Rural Woman Coffee Farmer Leads the Way in Tanzania

For many rural women, building a successful business can be a struggle due to limited access to resources. Suzan Malya, a coffee farmer in Tanzania, overcame challenges to turn her farm into a dynamic small business that provides a vibrant future for her family. Now she serves as an example to others in her community.

Suzan Malya and her thriving coffee farm.

Suzan Malya first ventured into coffee farming as a business in 2020 when she inherited a one-acre farm from her father. At the time, the farm had approximately 357 coffee bushes – originally planted in the 1970s – that were now old and unproductive. She learned quickly that her prized inheritance was not as valuable as she had initially thought.

“In 2020, my farm’s production was a small 446 kilograms of cherry – approximately 1.25 kilograms per bush. The income from the farm was also low, and could barely meet my family’s day-to-day needs,” she said. 

Coffee farming in rural Tanzania

It is unusual for a woman in Tanzania to inherit land, which is a capital-intensive resource that many smallholder farmers struggle to acquire. Yet, owning land was not enough for Suzan to establish a productive and profitable farming business. Like other farmers in East Africa, she lacked the technical knowledge for implementing good agricultural practices.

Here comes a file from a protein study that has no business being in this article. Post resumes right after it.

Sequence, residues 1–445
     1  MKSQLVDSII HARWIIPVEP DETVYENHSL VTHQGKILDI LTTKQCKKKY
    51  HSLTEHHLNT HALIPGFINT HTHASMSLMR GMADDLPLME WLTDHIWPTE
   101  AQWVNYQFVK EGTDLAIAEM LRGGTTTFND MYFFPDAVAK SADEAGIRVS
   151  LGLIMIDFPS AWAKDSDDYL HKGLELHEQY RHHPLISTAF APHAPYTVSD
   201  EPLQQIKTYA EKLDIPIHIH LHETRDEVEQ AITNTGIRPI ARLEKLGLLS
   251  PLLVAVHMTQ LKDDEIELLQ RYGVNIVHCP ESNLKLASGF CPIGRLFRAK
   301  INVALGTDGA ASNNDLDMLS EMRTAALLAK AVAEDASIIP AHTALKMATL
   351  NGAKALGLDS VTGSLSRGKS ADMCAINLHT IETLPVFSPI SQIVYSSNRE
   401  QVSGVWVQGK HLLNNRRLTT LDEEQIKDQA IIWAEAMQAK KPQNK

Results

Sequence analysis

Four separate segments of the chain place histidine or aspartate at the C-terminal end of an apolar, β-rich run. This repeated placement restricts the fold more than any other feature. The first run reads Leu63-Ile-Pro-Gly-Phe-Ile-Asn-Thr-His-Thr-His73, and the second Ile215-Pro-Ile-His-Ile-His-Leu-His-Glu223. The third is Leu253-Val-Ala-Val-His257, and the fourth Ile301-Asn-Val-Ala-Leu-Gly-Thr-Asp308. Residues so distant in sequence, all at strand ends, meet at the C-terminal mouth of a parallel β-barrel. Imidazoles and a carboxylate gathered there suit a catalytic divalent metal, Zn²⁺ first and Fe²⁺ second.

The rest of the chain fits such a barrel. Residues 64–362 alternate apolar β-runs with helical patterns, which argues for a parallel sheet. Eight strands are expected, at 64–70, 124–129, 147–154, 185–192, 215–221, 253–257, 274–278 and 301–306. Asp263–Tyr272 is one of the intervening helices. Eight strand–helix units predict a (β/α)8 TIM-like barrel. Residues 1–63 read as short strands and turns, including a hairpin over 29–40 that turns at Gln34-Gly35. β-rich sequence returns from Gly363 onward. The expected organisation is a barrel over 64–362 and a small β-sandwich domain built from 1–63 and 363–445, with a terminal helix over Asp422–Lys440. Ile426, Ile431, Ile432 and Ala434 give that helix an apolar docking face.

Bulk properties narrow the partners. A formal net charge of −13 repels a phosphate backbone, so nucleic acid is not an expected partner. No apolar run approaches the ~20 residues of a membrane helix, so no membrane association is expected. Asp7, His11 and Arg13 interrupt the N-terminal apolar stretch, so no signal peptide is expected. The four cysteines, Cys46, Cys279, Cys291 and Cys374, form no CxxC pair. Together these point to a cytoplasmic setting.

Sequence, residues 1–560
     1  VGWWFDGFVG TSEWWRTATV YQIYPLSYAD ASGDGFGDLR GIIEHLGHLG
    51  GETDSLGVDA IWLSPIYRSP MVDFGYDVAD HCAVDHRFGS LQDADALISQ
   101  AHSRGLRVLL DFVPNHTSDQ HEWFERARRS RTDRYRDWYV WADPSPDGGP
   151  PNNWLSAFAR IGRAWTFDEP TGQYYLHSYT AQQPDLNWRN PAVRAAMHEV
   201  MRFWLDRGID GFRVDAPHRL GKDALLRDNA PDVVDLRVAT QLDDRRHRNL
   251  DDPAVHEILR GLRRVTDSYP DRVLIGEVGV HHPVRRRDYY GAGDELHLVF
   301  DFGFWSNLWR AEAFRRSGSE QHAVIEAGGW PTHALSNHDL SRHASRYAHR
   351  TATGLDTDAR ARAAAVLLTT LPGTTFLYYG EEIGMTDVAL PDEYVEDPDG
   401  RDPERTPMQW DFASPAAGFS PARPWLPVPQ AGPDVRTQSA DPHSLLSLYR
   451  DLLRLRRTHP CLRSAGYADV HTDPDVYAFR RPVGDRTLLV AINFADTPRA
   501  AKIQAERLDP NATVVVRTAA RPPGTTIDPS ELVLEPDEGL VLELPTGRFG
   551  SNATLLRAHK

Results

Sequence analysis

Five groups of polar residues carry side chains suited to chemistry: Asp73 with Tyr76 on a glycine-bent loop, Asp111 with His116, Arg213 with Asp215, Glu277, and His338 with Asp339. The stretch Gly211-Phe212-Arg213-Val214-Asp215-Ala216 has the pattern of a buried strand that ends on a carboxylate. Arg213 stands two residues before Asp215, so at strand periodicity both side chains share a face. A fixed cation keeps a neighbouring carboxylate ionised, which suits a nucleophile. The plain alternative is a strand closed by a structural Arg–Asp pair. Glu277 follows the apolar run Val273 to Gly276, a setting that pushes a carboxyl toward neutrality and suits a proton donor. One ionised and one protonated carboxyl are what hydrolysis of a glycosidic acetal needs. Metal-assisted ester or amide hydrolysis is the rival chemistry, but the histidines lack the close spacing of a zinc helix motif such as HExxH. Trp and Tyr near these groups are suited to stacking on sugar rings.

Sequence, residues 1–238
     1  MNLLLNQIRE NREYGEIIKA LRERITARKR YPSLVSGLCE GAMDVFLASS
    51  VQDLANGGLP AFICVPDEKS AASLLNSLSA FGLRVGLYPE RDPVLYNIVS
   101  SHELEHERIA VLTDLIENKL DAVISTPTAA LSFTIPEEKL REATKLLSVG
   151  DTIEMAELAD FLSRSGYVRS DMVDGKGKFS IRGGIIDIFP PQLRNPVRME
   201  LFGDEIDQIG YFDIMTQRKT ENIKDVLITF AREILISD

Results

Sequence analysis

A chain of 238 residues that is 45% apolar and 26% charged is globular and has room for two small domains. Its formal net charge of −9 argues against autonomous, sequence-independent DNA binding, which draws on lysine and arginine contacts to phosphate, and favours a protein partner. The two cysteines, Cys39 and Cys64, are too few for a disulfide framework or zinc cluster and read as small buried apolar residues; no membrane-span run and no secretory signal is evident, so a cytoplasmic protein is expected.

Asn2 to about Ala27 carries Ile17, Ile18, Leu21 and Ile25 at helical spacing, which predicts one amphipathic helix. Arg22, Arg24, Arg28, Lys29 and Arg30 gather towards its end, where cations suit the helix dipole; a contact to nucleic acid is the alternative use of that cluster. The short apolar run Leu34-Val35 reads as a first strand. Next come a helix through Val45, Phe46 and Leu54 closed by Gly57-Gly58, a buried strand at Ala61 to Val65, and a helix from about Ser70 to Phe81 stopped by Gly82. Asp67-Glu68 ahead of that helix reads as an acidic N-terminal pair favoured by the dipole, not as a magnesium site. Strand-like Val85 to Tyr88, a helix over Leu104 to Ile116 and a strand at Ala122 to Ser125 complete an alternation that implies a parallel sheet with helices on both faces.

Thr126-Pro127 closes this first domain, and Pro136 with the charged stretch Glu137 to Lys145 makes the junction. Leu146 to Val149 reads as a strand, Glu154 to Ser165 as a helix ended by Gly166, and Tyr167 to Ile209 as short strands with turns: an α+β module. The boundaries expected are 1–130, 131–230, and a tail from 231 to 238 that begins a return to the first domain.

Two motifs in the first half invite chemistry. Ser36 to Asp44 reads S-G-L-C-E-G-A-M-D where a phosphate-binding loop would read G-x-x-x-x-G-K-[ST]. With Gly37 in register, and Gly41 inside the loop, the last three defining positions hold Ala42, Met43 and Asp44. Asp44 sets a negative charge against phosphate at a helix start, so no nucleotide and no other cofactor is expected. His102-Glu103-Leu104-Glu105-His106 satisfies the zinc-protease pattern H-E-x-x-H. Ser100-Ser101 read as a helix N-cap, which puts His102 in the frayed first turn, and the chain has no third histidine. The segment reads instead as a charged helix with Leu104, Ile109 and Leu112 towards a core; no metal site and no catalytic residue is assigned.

“I was managing my coffee farm without the necessary knowledge and skills. All of my production activities—the coffee varieties, farm spacing, pruning, mulching, grafting, and pest and disease management were largely inherited from, or informed by what I had learned from my father over the years,” Suzan said. 

Her farming business changed in mid-2020 when she was introduced to the Solidaridad Practice for Change: Coffee Resilience programme in East Africa (PfC Coffee). Funded by the Ministry of Foreign Affairs of the Netherlands between 2018 and 2022, and created in partnership with Solidaridad Eastern and Central Africa, the PfC Coffee programme trained over 15,000 farmers in Tanzania. 

Suzan was among the many farmers who learned good practices from PfC Coffee for managing a coffee farm, along with practical skills which included, canopy management, pruning, pest and disease management, fertilizer and manure application, climate-smart farming, coffee picking, and how to create and apply biochar.

Knowledge of modern coffee farming practices and access to affordable credit has put my coffee business on a path to success.

Suzan Malya

Suzan says that in her region of Tanzania, “The Hai district is characterized by mountain topography and our farms are prone to soil erosion. Learning how to manage my farm’s soil fertility, manure and fertilizer application and water conservation techniques has been a game changer for me.

“In addition, I have acquired knowledge on improved coffee varieties, and voluntarily made a decision to transition to ‘Compact’, an improved variety from Tanzania Coffee Research Institute (TaCRI).”

Over the course of the project, PfC Coffee worked with the Tanzania Coffee Research Institute (TaCRI) to use a three-tiered approach to bring knowledge and practical skills to local coffee farming communities. Under this model, knowledge flows in a cascade from experts to trainers of trainers and finally to promoter/lead farmers, like Suzan.